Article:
How to Say Goodbye when Someone You Love is Dying

By Bailey Williams on Saturday April 14th, 2018

Facing Death with An Open Heart

Talking to a dying loved one—or anyone dying you’ve known—is no easy task. Especially if your histories are complicated. What do you do with resentments and hurts? Saying nothing and doing nothing can have consequences for your own life. How do you honor your own feelings, as well as the feelings of the other person? What helps with closure, when our goodbyes are not in person? Here are some ideas for a meaningful goodbye.

If you’re not sure what to say…

Say What You Feel

Palliative-care physician Dr. Ira Byock, author of The Four Things That Matter Most, says that dying people typically want to hear and say four things: “Please forgive me,” “I forgive you,” “Thank you,” and “I love you.” These phrases carry the power to mend broken relationships and to honor meaningful ones, so consider building a conversation around them. Whatever the response may be, you have done what you could to address the heart of a relationship.

If you want to feel close…

Do Their Favorite Things

Not everyone gets a chance to be there when a friend dies, especially someone who was important to us. This powerful, private goodbye can be done if you live apart or after a loved one is gone, for example, to mark a death anniversary. Doing an activity you once did together or something you remember the other person enjoying can help you feel close and hold onto a memory. Go for a bike ride, watch a favorite movie, or visit a favorite spot. You’ll be alone, but together.

If you want to feel connected…

Organize a ‘Secular Shiva’

Shiva is a weeklong, sequestered mourning period in Judaism held in the home of the deceased where family members gather. It’s an opportunity to reinforce the bonds among loved ones left behind. You don’t have to be Jewish to do it. Friends can organize one, too. New York Times columnist, Bruce Feiler, notes that mourning rituals often served as an important community-building function but are fading away.

Keep them closeDoing an activity you once did together can help you feel close to them.

Like all such traditions, they may not soften the blow of a loss, but they had the unmistakable boon of reaffirming the community itself.

If you’re afraid to say goodbye…

Remember Closure Doesn’t Mean Forgetting

Society tends to think that closure means putting hurts behind us and getting on with life. But when dealing with grief, that’s not how it works, writes Amy Florian, bereavement expert and author of No Longer Awkward: Communicating with Clients Through the Toughest Times of Life. “‘Closure?’ No, or at least not in the way people usually use that term. Acceptance—yes. Peace—yes. Moving forward—for sure. A future bright with love, joy, and hope—absolutely,” she wrote in Huffington Post.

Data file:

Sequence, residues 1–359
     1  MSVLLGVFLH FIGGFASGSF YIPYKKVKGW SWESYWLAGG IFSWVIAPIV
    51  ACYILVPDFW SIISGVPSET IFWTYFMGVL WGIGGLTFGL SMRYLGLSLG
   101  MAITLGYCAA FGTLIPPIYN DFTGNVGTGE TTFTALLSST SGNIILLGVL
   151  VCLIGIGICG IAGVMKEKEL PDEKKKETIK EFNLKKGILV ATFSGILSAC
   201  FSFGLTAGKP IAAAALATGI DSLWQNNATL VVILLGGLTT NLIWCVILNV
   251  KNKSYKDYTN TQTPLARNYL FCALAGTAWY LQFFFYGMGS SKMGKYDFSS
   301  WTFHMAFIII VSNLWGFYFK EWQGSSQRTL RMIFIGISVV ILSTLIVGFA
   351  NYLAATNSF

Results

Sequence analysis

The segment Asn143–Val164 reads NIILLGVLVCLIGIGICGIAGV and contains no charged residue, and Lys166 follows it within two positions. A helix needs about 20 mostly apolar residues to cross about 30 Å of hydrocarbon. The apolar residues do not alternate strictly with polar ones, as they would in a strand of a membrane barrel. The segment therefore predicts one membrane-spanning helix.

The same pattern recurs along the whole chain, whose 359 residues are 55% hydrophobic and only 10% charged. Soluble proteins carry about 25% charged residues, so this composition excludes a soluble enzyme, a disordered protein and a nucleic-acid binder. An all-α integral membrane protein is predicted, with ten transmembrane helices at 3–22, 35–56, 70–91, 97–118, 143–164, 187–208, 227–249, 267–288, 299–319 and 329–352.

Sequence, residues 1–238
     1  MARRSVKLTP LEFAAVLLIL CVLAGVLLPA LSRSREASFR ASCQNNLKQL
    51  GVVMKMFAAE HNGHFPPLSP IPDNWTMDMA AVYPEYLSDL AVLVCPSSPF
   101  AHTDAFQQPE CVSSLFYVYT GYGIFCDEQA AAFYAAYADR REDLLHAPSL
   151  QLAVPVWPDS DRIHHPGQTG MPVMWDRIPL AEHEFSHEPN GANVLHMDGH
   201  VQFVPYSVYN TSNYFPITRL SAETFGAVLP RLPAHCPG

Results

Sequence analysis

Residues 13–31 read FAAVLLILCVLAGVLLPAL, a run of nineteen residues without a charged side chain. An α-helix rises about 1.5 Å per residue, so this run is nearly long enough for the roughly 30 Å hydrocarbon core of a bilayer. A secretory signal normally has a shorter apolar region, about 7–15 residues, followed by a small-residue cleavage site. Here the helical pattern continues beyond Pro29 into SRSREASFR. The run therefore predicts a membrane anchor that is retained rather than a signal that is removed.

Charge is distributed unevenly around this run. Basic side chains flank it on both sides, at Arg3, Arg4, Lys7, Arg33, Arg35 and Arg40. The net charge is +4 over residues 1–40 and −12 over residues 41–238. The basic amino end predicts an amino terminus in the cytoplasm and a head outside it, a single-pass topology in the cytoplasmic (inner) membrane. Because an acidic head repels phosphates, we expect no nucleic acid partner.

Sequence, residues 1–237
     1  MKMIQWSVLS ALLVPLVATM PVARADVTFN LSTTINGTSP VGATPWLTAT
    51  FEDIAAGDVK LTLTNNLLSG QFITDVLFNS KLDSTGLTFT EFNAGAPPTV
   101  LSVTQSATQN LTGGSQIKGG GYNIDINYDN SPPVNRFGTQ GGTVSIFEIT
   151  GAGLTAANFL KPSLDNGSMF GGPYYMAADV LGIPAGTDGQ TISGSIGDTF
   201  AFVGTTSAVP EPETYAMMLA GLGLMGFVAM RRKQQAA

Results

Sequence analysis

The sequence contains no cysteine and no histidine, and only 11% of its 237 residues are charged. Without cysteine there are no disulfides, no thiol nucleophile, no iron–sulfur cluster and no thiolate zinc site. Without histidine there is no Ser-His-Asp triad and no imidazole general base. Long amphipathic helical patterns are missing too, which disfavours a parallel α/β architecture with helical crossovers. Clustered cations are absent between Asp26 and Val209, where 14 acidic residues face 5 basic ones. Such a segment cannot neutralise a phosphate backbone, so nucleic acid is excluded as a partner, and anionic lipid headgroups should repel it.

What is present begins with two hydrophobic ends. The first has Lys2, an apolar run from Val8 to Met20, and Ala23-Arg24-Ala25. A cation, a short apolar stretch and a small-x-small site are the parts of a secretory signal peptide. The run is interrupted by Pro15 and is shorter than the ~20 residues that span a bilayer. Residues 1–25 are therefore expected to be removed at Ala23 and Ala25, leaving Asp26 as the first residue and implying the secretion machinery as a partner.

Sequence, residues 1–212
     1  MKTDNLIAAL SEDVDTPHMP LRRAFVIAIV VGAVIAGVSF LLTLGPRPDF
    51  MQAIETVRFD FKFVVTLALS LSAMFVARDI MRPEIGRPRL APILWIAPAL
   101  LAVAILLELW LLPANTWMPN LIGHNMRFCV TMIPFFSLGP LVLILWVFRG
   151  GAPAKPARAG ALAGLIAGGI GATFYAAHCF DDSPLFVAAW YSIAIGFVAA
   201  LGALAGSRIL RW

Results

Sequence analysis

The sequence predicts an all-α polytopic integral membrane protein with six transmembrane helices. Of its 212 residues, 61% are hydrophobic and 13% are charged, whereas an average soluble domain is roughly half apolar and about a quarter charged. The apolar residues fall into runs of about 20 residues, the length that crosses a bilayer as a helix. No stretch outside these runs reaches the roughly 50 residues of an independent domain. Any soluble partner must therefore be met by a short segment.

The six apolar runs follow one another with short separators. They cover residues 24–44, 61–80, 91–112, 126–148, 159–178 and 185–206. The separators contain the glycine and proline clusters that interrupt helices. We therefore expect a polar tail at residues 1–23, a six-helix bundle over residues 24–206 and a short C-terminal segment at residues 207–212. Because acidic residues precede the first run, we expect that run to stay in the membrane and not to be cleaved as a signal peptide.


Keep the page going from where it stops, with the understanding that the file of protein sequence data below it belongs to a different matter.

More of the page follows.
Healing does not mean forgetting it; it means taking the life, love, and lessons into the future with you.

If you never got a chance in person…

Write Them a Letter

Write down all the things you wish you had said. Bottled-up emotions are unhealthy, but we don’t always get a chance to say what we need to say. So write them down. This is a way to get the words off your chest and manage your mental health, without burdening a dying person. According to the University of Rochester Medical Center, journaling can help you manage anxiety, reduce stress, and cope with depression. You don’t have to share it with anyone. Read it out loud at a gravesite. Or just tuck it away.



It’s Not all About Death: Conversations with Patients in Palliative Care

Am I Dying: The Honest Answer

How to Speak to Someone About an Unspeakable Loss


The Beatles and Mantra – With Miten

Why You Must Fix Your Anger Before Fixing the World

Plato’s Wisdom on How to Live a Good Life


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5 Comments on "How to Say Goodbye when Someone You Love is Dying"

newest oldest most voted

I never had the opportunity to say goodbye. For years I’ve lived on none acceptance.
Has anybody else experienced this


Do you mean not accepting that they are gone?..or lack of closure?


Do you mean that the person who left did not accept you or neglected your relationship?


Thank-you for drawing attention to the misuse of the word closure in reference to grief. Television and radio reporters are quick to use this word as though a destination has been reached. Whether the death is sudden and unexpected, gradual or prolonged, predicted or traumatic, a reporter has no right to make a prediction about closure. Grieving the death of a loved one is transforming and life-changing, and we cannot afford to deny the need to mourn in order to meet a timeline set by society. Closure… great for jars.

I’m traveling from Michigan to Phoenix Arizona in the next 3 weeks to say goodbye to a man that I have loved first as a lover and then as a friend for the last 45 years. We have talked on the phone many times since his fatal diagnosis in October. However we want to see each other before he passes and before he’s in terrible shape. I don’t really know what to talk about. We’re very involved in each other’s daily weekly life albeit Facebook Messenger. We are both married, and our spouses know about our forty yr friendship. He… Read more »